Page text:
"Islam never refers to Christians as infidels," announced Mohammed Fahmy, professor of industrial technology at the University of Northern Iowa, at the three-day annual Iowa Conference on Islam sponsored in part by Iowa State University's Muslim Student Association and the university's Office of Multicultural Student Affairs. Among others in the audience was Ted Tedesco, mayor of ISU's hometown, Ames, who thanked the group for its efforts to educate and correct misconceptions about Islam.
All very friendly. But is it true? The English word infidel is the standard translation for the Arabic word kafir (Arabic pl. kuffar), which Hans Wehr, Dictionary of Modern Written Arabic (Beirut: Librarie du Liban, 1974), p. 833, defines (among other things) as "unbeliever, infidel, atheist."
In fact, the word has historically been regularly applied to Christians. Muhammad Al-Mukhtar Al-Shinqiti, director of the Islamic Center of South Plains, Lubbock, Texas, recently explained the matter this way at an Islamist website where learned sheikhs answer questions. To the inquiry, "Are we allowed to call a Christian person kafir?" he replied:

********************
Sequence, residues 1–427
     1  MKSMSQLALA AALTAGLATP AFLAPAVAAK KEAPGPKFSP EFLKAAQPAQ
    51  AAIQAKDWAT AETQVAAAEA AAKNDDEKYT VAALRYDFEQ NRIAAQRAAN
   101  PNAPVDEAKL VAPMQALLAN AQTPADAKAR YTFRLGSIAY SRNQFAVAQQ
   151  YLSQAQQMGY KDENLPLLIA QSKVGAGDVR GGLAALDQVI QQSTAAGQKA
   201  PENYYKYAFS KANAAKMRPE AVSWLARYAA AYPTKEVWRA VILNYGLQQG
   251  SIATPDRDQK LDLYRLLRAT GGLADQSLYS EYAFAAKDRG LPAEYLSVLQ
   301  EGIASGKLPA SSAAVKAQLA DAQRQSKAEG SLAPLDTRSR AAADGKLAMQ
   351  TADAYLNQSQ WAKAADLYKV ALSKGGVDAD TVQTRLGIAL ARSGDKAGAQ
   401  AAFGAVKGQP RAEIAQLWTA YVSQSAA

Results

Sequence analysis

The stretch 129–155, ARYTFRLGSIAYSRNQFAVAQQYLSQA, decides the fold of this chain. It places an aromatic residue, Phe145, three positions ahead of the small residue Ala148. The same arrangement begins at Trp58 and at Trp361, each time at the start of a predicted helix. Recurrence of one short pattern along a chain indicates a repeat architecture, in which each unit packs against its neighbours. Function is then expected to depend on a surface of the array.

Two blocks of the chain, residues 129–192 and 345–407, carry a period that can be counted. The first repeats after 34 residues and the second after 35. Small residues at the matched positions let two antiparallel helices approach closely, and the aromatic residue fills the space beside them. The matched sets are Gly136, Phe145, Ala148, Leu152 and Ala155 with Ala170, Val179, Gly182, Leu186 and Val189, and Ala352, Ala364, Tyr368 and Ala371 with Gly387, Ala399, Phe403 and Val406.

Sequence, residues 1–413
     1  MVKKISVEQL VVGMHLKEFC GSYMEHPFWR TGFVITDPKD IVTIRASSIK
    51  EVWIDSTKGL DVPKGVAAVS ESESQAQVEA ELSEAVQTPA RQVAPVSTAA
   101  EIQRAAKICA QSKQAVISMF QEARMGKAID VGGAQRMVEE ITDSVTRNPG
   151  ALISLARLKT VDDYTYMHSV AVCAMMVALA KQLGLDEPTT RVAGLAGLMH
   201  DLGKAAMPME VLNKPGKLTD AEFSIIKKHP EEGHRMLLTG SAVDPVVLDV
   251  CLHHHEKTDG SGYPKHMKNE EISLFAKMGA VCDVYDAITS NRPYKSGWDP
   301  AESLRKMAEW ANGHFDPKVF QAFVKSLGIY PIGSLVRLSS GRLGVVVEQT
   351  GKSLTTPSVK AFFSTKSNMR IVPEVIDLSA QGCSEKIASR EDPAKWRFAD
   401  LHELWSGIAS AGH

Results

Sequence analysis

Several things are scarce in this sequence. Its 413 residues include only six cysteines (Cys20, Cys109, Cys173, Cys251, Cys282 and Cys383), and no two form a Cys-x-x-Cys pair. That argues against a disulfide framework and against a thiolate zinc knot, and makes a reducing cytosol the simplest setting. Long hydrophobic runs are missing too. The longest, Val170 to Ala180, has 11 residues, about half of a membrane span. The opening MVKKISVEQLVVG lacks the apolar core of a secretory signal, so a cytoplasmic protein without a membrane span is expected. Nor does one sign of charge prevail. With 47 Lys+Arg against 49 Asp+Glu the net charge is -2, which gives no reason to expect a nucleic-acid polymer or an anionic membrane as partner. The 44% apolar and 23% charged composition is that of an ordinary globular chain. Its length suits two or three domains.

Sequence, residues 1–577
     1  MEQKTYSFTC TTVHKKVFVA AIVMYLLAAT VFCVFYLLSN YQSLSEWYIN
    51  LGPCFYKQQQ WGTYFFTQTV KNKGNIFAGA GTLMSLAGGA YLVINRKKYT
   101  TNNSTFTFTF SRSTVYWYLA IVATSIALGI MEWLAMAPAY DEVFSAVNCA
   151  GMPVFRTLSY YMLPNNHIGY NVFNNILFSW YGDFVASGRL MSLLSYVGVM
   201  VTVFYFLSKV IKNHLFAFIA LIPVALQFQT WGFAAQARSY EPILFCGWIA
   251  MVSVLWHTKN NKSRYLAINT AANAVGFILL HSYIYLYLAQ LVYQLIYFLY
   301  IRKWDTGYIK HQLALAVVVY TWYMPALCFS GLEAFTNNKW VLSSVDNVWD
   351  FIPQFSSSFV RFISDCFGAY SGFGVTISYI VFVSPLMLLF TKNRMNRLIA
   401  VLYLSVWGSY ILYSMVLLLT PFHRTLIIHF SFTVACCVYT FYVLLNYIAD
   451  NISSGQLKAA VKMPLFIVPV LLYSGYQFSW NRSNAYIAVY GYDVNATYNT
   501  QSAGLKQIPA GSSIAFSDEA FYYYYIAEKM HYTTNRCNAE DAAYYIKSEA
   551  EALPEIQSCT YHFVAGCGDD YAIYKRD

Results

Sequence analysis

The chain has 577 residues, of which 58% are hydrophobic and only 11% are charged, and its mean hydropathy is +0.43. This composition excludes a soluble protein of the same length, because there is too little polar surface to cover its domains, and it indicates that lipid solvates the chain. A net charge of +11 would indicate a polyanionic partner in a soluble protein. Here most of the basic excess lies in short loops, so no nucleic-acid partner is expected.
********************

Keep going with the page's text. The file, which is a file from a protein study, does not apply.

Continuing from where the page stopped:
Kafir in Arabic has two meanings: 1) a non-Muslim, a person who denies Allah or Prophet Muhammad (peace and blessings be upon him); 2) ungrateful, a person who is not thankful to the favors of Allah. The second meaning can be also used for Muslims who do not show gratitude to Allah. Kafir in this meaning is the opposite of "shakir" (thankful). Christians and Jews are kuffar because they rejected the Prophethood of Muhammad (peace and blessings be upon him). …
However, kafir is now a derogatory term, and that is why I would encourage Muslims to use the term "non-Muslims" when referring to people of different faiths.
What Al-Shinqiti writes is correct: Christians are technically speaking kafirs and it is, to put it mildly, an impolite term.
Comment: It does no good, as Mohammed Fahmy tries, to dissimulate and pretend that the kafir does not mean what it plainly does. Fahmy's brand of apologetics is sadly all too common, affecting the understanding of such key concepts as warfare, women, and slavery. It is my view that the Muslim world cannot modernize until it deals with historical realities, rather than gush and pretence such as Fahmy articulated. (March 21, 2005)